Community engagement in the development and implementation of a rural road safety campaign: Steps and lessons learned
Rural crashes result in fatality rates twice as high as urban, after accounting for vehicle miles traveled, and those involving farm vehicles tend to be the most severe. Farm vehicle crash interventions have focused on the farm equipment (e.g., lighting and marking) or the farm vehicle operator (e.g., training), despite crashes being most frequently caused by other vehicle driver actions. Community-based campaigns focused on rural drivers have potential to influence driver behavior. The objective of this study was to describe the role, formation, and lessons learned from a community advisory board (CAB) in the development and dissemination of a community-based rural roadway safety campaign.
The CAB provided campaign input through quarterly meetings and email. The campaign had three main CAB and crash data-informed messages: 1) Slow Down, 2) Leave More Space, and 3) Avoid Passing. The CAB led campaign activities to publicize the message, distribute swag, and organize event logistics. To evaluate CAB effectiveness and inform future community engagement efforts, we conducted in-depth, semi-structured telephone interviews with CAB members in July 2020. Interviews were transcribed, coded, and codes were categorized into five main themes.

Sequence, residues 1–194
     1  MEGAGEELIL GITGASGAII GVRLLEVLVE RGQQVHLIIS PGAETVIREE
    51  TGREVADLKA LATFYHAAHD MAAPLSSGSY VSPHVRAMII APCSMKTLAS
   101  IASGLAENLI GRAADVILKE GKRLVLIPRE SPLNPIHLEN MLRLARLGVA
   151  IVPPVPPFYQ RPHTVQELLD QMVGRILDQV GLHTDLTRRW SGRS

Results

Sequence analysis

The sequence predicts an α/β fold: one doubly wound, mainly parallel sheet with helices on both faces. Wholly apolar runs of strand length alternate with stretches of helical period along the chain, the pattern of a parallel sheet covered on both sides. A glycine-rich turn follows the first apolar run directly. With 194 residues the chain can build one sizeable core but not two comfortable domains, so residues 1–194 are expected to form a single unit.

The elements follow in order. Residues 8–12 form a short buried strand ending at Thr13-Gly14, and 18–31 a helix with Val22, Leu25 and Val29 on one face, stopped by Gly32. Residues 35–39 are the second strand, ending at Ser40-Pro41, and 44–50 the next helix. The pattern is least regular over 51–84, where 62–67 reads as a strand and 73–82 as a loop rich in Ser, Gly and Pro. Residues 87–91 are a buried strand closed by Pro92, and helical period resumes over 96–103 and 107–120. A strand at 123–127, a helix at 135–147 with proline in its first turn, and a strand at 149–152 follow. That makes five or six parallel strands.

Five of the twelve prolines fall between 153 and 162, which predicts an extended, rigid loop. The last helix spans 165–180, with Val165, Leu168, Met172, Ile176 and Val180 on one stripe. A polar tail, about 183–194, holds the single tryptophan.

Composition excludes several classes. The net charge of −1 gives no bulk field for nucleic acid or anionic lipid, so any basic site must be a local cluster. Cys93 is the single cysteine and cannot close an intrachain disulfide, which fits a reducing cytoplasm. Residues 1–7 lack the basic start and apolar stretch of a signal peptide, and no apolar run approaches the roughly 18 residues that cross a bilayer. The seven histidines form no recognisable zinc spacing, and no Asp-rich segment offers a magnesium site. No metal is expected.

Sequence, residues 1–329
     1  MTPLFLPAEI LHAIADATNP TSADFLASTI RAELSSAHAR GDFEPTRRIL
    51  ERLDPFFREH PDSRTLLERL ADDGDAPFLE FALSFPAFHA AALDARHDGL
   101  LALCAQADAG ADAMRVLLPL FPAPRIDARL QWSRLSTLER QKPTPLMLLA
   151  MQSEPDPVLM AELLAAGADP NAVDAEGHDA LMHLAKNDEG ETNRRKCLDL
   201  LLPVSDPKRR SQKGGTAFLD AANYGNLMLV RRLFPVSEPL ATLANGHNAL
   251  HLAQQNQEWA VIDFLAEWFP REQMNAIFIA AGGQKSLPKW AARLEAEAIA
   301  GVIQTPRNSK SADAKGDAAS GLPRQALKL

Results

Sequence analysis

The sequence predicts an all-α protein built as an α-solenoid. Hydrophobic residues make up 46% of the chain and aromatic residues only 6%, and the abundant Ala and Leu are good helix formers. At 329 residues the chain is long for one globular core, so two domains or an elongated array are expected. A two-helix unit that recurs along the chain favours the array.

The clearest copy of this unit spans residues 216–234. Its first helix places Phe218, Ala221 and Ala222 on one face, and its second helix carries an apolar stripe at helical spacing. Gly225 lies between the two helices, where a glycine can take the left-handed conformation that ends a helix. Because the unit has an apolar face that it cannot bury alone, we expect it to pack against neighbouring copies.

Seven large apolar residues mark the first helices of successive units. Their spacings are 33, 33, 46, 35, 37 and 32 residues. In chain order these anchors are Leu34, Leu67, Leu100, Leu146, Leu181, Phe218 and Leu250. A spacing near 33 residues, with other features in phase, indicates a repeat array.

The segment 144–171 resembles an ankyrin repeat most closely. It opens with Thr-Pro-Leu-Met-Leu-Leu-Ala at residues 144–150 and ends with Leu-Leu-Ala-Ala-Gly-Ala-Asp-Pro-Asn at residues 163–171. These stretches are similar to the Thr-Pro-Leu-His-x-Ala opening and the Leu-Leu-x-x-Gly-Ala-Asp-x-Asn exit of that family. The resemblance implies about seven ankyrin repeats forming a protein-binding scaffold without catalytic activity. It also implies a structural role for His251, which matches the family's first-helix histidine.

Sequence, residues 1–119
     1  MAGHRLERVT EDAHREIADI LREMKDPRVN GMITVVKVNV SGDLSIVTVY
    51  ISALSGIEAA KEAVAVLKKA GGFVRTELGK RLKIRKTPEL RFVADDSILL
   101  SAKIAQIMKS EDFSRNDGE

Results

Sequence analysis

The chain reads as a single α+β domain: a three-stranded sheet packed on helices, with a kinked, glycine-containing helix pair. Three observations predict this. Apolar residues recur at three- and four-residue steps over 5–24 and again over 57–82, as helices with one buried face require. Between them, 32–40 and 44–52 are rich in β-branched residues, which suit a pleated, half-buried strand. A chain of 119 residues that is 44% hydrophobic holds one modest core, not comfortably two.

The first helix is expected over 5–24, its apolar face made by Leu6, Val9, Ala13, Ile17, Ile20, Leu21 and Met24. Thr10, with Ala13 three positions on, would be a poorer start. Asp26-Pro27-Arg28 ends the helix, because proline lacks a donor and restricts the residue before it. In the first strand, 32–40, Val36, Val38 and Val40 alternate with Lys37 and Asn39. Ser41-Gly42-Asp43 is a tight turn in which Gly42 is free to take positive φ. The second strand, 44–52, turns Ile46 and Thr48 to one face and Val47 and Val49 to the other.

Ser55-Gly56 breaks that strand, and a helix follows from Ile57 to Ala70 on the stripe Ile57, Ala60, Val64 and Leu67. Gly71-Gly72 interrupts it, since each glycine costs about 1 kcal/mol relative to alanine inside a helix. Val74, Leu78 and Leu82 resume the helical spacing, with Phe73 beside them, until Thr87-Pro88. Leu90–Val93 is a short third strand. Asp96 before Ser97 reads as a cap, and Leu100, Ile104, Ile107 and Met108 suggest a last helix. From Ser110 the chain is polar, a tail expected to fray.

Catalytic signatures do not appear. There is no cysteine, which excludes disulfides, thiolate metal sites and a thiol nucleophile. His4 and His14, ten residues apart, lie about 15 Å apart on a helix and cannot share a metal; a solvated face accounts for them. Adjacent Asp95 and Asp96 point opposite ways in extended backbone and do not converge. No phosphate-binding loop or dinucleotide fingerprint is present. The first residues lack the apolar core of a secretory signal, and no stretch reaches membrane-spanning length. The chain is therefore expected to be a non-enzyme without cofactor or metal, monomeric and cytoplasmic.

Overall, CAB membership was described as an overwhelmingly positive experience in terms of the CAB structure, culture fostered among the group, responsibilities, and time commitment. Board members reported successful campaign implementation, gave positive feedback regarding the research team's engagement efforts, and provided valuable recommendations for future campaigns (e.g., adding social media components, expansion of CAB age and industry diversity, and increasing group bonding activities).
Results from this study demonstrate the instrumental role and logistics involved in engagement of community advisors for the development and implementation of a rural roadway safety campaign. Steps and lessons from this study can be applied to other community-level injury and violence prevention topics, with a particular focus on rural communities.